UK space policy described as 'disjointed and unclear'

Science and Technology Committee calls for better leadership as satellite launch delayed

Virgin Orbit's modified Boeing 747 Cosmic Girl was used in a drop test of the Launcher 1 Model. Photo: Halo
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The UK government’s approach to space policy is “disjointed and unclear”, MPs have said, as Britains's first-ever satellite launch was postponed due to licensing delays.

Members of the Science and Technology Committee said the country must improve its approach to leadership on space.

It comes as reports suggest the launch of Virgin Orbit's modified Boeing 747 Cosmic Girl has been postponed after it has so far failed to secure a licence from the Civil Aviation Authority.

A window for launch, the UK's first, opened on October 29, but the team was aiming for take-off within the first half of November.

The rocket will be carrying eight shoebox-sized satellites, which will perform a variety of tasks for customers including Oman and the US and UK militaries.

“The government must also improve its approach to leadership on space,” says a report from the committee, which was released on Friday.

“Currently, the approach to space policy across Whitehall is disjointed and unclear.

“It is disappointing that the first launch from the UK did not take place in summer 2022 as was originally proposed. At the time of writing, no date for a launch has been set.

“To ensure this launch takes place as soon as possible and that other launches follow soon thereafter, the government must make sure that the CAA, who award required licences, is appropriately resourced to issue them quickly.”

A separate report last month branded the UK a “third-rank space power” and said its lack of space defence progress was “unacceptable”.

The committee report from October called for a minister for space to be appointed within the Cabinet Office to provide clear centralised direction and accountability.

The new report raises several concerns.

It points out the UK lost access to the secure Position, Navigation and Timing provided by the European Union’s Galileo system after Brexit, leaving it reliant on the US.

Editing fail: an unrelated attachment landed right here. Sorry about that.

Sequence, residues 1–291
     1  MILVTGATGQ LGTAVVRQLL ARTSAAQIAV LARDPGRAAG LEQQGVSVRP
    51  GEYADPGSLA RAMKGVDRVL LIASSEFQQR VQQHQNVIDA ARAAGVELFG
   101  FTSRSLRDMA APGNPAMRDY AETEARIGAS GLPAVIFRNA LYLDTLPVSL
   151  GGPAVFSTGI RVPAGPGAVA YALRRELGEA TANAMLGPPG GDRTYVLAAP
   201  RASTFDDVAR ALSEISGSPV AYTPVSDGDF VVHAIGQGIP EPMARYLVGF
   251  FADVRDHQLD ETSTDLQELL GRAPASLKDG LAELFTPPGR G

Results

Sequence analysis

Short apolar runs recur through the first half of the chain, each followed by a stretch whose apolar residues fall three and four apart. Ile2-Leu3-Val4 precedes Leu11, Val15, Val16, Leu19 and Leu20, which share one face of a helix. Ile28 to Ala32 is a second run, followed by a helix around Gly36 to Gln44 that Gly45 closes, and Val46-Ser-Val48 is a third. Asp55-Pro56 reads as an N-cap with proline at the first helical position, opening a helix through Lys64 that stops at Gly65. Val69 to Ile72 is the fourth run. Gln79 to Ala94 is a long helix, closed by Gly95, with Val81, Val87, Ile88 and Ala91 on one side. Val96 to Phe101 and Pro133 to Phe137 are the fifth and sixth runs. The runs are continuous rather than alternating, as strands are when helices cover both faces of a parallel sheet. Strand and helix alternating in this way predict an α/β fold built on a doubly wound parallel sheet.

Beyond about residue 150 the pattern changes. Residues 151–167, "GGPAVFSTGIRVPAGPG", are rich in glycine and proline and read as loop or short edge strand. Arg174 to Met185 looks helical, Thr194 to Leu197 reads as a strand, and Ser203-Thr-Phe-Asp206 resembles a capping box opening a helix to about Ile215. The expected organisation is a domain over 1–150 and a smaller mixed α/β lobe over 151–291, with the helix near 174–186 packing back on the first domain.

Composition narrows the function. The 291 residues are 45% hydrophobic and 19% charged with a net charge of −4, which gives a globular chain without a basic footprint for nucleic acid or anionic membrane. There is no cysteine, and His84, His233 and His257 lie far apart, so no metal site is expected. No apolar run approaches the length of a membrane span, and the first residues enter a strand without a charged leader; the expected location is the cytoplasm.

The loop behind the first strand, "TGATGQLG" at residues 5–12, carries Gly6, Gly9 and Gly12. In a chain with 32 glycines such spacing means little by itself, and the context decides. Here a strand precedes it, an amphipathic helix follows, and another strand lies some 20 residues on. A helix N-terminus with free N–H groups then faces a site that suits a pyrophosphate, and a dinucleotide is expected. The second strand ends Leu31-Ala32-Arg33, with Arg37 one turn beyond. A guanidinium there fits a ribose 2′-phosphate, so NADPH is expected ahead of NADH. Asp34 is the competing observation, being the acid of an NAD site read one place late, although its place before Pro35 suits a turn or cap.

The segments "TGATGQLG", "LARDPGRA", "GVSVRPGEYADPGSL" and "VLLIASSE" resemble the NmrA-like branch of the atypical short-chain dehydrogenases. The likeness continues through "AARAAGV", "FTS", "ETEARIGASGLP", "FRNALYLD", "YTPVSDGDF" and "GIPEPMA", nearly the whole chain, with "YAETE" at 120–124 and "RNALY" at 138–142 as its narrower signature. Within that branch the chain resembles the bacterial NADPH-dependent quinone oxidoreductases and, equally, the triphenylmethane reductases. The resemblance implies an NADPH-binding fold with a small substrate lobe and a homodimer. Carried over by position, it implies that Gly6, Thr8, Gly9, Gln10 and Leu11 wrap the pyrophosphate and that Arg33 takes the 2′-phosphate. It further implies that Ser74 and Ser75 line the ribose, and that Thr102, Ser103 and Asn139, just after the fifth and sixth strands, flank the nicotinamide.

According to the committee, a “significant amount of money and time” was invested across government into investigating and planning a UK PNT system.

But the government has not shared its outcome.

“The government has failed to take appropriate action to ensure that the UK has access to secure PNT should the US’s Global Positioning System (GPS) fail,” the report said.

“We urge the government to publish a National PNT Strategy and set out what ground and space-based components will be used in a UK PNT system.”

The committee also criticised the disbanding of the National Space Council under Liz Truss’s government “without explanation or clarification of new governance arrangements”.

“The government must clarify the new governance arrangements for space and publish detailed implementation plans for the National Space Strategy, which lacks specifics and a clear programme of work,” the report said.

It also pointed out there “have been significant concerns about the government’s investment in OneWeb”, which Boris Johnson’s government took a 33 per cent stake in during summer 2020 to help save it from bankruptcy when it failed to secure funding in March of that year to build up a planned fleet of 650 satellites.

“The government’s purchase of OneWeb was carried out under exceptional circumstances and it is still unclear what benefits the investment will bring to the UK public,” the report said.

“Given the unusual investment, the government should avoid making similar purchases. Further, given the considerable public investment, the government should report to parliament on the state of the government’s investment in OneWeb on a yearly basis.”

The committee says “more must be done to secure the sector’s future success”.

Updated: November 06, 2022, 8:34 PM